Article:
On appeal, the Court of Appeals reviewed the pertinent provisions of the statutory scheme for creating a special district. Landmark argued that regardless of CRS §32-1-305(7), a court has inherent power to vacate a void judgment notwithstanding a statutory time bar; has jurisdiction to set aside a previously entered order based on fraud on the court; and has a duty to provide constitutional due process, providing jurisdiction to set aside an order that is void for lack of notice and an opportunity to be heard. The Court disagreed.

CRS §32-1-305(7) is clear and unambiguous that once an order establishing a special district is entered, it “shall be deemed final, and no appeal or other remedy shall lie therefrom.” There is one exception for an action in the nature of quo warranto commenced by the attorney general within thirty days after entry of the organizational order. Finally, the subsection mandates that the organization of the district “shall not be directly or collaterally questioned in any suit, action, or proceeding except as expressly authorized in this subsection (7).” This jurisdictional issue was dispositive. Accordingly, the order was affirmed.

Summary and full case available here.

Colorado Court of Appeals: Special District Had Authority to Enter Into Loan Agreements and Pledge District’s Assets as Collateral

The Colorado Court of Appeals issued its opinion in Todd Creek Village Metropolitan District v. Valley Bank & Trust Co. on Thursday, November 21, 2013.

Municipal District—Colo. Const. art. XI, § 6(1)—Collateral—Service Plan—General Obligation Debt.

Defendant Valley Bank & Trust Company (bank) appealed the judgment entered in favor of plaintiff Todd Creek Village Metropolitan District (special district). The judgment was reversed.

The bank contended that the district court erred in concluding that the loans made to the special district and the security agreements that it signed were invalid because they were not submitted to the voters in accordance with the Colorado Constitution. It was undisputed that (1) the board of the special district adopted a measure approving the debt; (2) the ballot issue specified the purposes of the debt; and (3) the voters approved the ballot issue. Therefore, the district court erred in reaching this conclusion.

The bank also contended that the district court erred in ruling that the loan to the special district was invalid based on the special district’s service plan. The service plan, however, did not prohibit the issuance of the general obligation debt, and the loan issued by the bank did not dramatically expand or change the special district’s service authority. Therefore, the loans to the special district did not violate the plan, and the special district had the statutory authority and voter approval to enter into the loans. Accordingly, the district court erred in invalidating the loan.

Summary and full case available here.

Colorado Court of Appeals: C.R.S. § 32-1-1001(1) Does Not Grant Special District the Right to Assign its Right to Receive Revenue

The Colorado Court of Appeals issued its opinion in SDI, Inc. v. Pivotal Parker Commercial, LLC on Thursday, October 11. 2012.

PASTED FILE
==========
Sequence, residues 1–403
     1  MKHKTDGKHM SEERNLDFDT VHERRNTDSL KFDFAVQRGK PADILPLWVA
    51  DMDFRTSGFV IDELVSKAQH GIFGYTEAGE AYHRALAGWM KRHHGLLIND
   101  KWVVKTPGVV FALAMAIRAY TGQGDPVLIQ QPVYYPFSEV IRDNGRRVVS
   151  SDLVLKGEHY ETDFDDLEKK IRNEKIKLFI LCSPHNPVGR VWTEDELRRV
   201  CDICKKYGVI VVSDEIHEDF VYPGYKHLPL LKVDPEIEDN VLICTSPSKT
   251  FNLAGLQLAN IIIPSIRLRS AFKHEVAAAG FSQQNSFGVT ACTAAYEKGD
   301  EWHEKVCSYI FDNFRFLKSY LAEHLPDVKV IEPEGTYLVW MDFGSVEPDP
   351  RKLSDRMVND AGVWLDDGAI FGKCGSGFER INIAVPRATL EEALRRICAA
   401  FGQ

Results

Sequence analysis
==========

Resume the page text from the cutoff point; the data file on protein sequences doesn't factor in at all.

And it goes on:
Breach of Contract—Assignment—CRS § 32-1-1001(1).

In this dispute over the terms of several contracts, defendant Pivotal Parker Commercial, LLC (Pivotal) appealed the trial court’s entry of judgment following a bench trial in favor of plaintiff SDI, Inc. (SDI). The judgment was reversed and the case was remanded.

In 1984, the Town of Parker annexed a parcel of undeveloped land known as Stroh Ranch. Cherry Creek South Metropolitan District No. 1 (District) thereafter incurred an obligation to one of the original developers of the Stroh Ranch (later called Stroh Ranch Development, LLC, or SRD) for $11,130,000. SRD later assigned the right to receive development fee revenue to SDI by a purchase and sale agreement (Seventh Amendment). SDI entered into a real estate purchase and sale contract with Pivotal (SDI–Pivotal Contract) for “Filing Nos. 14 and 15.” SDI later sought a declaratory judgment and damages for unpaid development fees pursuant to the Seventh Amendment and the SDI–Pivotal Contract. Following a bench trial, the trial court entered judgment in favor of SDI.

On appeal, Pivotal contended that the trial court erred when it determined that the District validly assigned its right to receive development fee revenue to SDI, and that SDI was entitled to collect, and charge interest on, that amount. The trial court erred in concluding it must look to common law to fill in the statutory silence in CRS § 32-1-1001(1), which defines a special district’s common powers. The statute does not give the District the power to assign its right to receive revenue to a private party. The District’s assignment to SDI in paragraph 6 of the Seventh Amendment, therefore, went beyond the District’s statutory and constitutional powers. Consequently, paragraph 6 of the Seventh Amendment is void, and the trial court erred when it determined that the District validly assigned its right to receive development fee revenue to SDI, and that SDI was entitled to collect, and charge interest on, that amount. The trial court further erred when it declared that SDI has a perpetual lien on Filing Nos. 14 and 15.

Pivotal also argued that the trial court erred when it concluded that Pivotal breached its contract with SDI. Neither the SDI–Pivotal Contract, the E&T Contract, nor the E&T Contract Assignment provided that Pivotal must transfer a portion of the purchase price of the E&T Contract to SDI as development fees. Therefore, Pivotal did not breach the contract.

Summary and full case available here.